more must-have tools

Marian Parsonswoodworking34 Comments

Any time you see this logo on a post…

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…it means that the post is written by Jeff and it’s about the behind-the-scenes stuff that happens in our workshop.  We’re talking tools, setting up a workshop, furniture repair, designing & building built-ins and freestanding furniture and all of the other crazy things I ask Jeff to do for me.  I hope you’ll enjoy hearing from my other half on occasion.  He’s been talking tools lately, but I know he has some great tutorial ideas brewing.  In this post, he’s rounding out the top seven most useful tools…

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I thought I’d continue discussing my most indispensable tools by offering numbers four through seven. After recently posting my top three, I felt more needed to be said about some other tools that have been enormously helpful in completing projects.

Because I’m such a swell guy, here is a brief recap of the top three. Keep in mind that drills don’t count.

1. Compound Sliding Miter Saw. So versatile and functional. I wouldn’t say it’s my “favorite” tool, but since I use it on just about every project I do, it has to be numero uno on the “most indispensable” list.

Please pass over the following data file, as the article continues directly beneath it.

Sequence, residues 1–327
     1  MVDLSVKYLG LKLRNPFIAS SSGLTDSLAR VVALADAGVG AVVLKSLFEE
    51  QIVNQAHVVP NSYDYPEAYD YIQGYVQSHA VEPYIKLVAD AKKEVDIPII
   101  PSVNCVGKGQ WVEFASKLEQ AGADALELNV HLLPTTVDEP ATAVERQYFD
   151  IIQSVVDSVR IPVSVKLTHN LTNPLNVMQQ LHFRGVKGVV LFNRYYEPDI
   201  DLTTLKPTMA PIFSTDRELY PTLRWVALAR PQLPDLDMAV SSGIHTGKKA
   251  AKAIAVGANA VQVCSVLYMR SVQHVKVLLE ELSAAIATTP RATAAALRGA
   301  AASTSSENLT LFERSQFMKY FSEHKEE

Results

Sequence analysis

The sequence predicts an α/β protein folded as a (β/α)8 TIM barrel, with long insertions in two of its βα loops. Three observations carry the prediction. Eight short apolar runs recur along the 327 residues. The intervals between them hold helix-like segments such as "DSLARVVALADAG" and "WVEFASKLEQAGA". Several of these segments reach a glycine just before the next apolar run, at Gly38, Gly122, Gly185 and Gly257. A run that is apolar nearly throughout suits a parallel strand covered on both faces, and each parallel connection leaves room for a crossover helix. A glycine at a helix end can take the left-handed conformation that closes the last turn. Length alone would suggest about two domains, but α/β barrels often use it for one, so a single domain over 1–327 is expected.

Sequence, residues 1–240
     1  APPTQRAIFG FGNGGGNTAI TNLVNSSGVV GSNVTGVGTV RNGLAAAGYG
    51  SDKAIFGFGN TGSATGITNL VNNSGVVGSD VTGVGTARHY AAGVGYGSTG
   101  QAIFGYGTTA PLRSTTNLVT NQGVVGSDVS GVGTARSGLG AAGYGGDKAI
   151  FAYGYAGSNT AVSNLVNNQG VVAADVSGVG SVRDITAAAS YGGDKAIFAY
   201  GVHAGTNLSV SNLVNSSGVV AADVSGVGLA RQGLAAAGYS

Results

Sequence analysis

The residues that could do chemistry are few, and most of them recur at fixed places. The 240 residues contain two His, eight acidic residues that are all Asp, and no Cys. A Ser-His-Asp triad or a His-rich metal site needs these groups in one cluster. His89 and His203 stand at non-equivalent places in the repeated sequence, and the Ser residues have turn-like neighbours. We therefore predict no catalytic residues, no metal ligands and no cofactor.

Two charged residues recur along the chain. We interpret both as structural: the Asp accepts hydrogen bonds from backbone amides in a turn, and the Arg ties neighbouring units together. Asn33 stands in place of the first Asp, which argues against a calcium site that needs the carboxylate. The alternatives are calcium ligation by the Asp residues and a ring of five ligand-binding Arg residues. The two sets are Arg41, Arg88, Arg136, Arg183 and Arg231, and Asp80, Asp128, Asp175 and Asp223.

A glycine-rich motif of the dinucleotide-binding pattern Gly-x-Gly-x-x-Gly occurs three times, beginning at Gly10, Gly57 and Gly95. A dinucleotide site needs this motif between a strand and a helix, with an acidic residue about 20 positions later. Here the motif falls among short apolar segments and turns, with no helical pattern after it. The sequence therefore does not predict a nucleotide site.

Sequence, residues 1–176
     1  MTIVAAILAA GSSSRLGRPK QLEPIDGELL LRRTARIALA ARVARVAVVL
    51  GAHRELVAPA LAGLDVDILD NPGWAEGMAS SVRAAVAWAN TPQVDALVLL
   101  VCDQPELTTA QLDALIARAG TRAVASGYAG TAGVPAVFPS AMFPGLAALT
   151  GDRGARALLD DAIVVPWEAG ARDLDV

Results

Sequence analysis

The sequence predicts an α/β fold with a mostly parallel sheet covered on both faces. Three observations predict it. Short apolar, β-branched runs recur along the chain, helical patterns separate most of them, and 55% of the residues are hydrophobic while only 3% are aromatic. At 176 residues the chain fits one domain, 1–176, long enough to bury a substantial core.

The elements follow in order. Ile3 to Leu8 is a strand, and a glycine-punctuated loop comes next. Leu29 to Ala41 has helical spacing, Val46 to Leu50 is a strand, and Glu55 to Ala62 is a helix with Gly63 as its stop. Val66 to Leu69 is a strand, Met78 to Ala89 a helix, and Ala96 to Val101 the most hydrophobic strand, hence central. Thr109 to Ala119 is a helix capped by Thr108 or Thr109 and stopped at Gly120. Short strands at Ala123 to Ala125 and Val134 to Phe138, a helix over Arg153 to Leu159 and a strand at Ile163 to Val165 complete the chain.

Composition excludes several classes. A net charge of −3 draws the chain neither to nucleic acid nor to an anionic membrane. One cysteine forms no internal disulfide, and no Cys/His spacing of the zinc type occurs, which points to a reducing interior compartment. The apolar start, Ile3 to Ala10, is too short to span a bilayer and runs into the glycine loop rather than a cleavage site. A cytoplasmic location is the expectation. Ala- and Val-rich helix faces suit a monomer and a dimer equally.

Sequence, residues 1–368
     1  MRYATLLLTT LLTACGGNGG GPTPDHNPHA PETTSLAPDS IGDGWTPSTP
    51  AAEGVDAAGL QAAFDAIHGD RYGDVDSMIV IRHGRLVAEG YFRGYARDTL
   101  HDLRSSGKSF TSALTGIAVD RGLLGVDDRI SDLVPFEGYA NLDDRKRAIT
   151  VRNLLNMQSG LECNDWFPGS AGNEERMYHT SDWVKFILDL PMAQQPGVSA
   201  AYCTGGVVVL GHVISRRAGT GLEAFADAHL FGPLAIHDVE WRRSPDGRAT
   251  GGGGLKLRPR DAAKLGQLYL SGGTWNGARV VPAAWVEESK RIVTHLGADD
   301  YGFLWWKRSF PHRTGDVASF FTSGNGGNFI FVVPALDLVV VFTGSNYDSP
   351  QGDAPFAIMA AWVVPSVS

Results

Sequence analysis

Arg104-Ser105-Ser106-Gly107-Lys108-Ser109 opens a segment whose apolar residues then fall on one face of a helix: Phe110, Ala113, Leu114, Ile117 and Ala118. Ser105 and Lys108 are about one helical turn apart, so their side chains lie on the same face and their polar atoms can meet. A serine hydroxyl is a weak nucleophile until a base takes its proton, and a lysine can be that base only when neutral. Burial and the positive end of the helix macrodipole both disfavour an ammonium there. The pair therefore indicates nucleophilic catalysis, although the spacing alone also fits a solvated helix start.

2. Clamps. Perhaps it sounds like a boring pick for the top three, but there it is. Two words: extra hands. Anyone who fixes up old furniture smells what I’m cookin’.
3. Table Saw. Centerpiece of most woodworking shops. Rips, crosscuts, dadoes; it can be used for so much. With a well constructed crosscut/miter sled (a future video tutorial, perhaps?), you can do even more with it. Truly an indispensable tool for me.

So that’s where we left off. Here are numbers four through seven.

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4. Nailers. I tacked an “s” on the end because I generally use two types of nailers. The first is a pneumatic (air) nailer that hooks up to an air compressor. Mine is an 18 gauge brad nailer that hooks up to a small compressor that I got on sale at Lowe’s a long time ago. Mine is a Porter Cable, but there are many good ones out there. I’ll probably look to upgrade when I move into a new shop space. 18 gauge brads are small pin-like nails and run anywhere from 5/8” to 2” long. I use the brad nailer whenever I’m working on more delicate projects such as drawer repairs or attaching a face frame to a cabinet. The brad nailer leaves a much smaller hole than the larger nailers, which makes for easier filling…